An island matriarchy – in Europe


Fabian Weiss

❝ A four-hour ferry ride off the coast of Estonia, the sunlit conifers and coastal meadows of Kihnu Island rise gently from the Baltic Sea. You can bike from one end to the other in half an hour. Its four villages house around 700 people—only two thirds of whom live there year-round—and there is no hotel. Yet the island receives 12 times more tourists per resident than some of the most visited places in the world.

These tens of thousands of visitors don’t come for landmarks or amusement parks. Instead, they’re here to experience the unique culture of a place often touted as Europe’s last matriarchal society.

❝ “Kihnu women have a very important role: to keep the cultural traditions,” says Mare Mätas, president of the Kihnu Cultural Space Foundation and a driving force in many community projects. “They are taking care of the human life [cycle].”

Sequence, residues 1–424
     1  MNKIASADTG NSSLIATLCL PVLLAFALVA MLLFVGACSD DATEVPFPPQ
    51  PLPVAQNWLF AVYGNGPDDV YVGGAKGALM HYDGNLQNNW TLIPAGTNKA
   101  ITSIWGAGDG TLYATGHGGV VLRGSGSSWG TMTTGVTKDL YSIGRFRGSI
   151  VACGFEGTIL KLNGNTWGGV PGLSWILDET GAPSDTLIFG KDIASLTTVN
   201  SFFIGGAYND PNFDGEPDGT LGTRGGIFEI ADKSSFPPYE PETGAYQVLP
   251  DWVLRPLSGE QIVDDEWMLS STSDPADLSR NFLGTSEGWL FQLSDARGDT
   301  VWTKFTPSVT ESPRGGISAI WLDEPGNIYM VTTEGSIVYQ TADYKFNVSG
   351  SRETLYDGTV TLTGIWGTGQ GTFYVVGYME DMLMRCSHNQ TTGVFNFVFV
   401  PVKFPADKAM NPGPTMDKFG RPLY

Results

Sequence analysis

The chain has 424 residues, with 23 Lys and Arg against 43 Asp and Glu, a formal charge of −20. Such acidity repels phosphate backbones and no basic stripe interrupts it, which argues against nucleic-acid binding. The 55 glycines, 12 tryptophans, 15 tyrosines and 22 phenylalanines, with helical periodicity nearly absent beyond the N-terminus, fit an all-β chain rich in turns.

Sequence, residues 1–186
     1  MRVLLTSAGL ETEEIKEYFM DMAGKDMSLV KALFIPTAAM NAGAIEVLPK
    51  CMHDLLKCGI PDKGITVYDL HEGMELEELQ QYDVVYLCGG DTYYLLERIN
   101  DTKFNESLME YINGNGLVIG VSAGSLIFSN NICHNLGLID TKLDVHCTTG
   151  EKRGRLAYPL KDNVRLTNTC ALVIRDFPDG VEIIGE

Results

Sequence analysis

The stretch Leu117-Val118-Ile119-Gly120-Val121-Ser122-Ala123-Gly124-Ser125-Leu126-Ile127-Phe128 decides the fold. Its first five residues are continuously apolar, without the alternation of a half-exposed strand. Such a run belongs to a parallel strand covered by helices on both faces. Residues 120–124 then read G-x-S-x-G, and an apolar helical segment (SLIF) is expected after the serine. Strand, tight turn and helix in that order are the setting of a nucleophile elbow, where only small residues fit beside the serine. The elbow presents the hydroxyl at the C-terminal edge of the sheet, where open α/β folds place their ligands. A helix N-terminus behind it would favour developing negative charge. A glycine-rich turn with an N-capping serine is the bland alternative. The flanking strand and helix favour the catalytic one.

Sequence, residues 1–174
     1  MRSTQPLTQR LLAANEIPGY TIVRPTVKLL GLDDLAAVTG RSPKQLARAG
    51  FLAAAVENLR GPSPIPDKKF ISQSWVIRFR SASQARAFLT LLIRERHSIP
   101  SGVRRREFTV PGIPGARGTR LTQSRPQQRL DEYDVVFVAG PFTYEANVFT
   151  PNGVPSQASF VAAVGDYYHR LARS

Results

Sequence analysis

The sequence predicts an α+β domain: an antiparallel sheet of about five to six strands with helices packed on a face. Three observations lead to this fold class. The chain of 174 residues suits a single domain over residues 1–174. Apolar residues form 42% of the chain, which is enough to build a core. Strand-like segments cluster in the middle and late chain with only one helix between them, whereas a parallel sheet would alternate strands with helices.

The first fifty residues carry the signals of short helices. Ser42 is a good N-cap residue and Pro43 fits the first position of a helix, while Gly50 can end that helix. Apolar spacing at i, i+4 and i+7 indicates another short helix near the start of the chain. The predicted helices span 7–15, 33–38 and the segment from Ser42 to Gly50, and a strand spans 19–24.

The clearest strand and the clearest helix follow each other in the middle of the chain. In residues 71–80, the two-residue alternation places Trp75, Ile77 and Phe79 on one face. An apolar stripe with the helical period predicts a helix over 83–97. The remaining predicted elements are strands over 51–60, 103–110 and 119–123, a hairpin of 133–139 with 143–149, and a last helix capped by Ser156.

Historically, Kihnu’s men left the island for weeks or months at a time, to hunt seals and fish and, later, to crew ships on international voyages. In their absence, women became the ones who tended farms, governed, and maintained traditions—traditions which have survived both time and turmoil.

Worth a visit.

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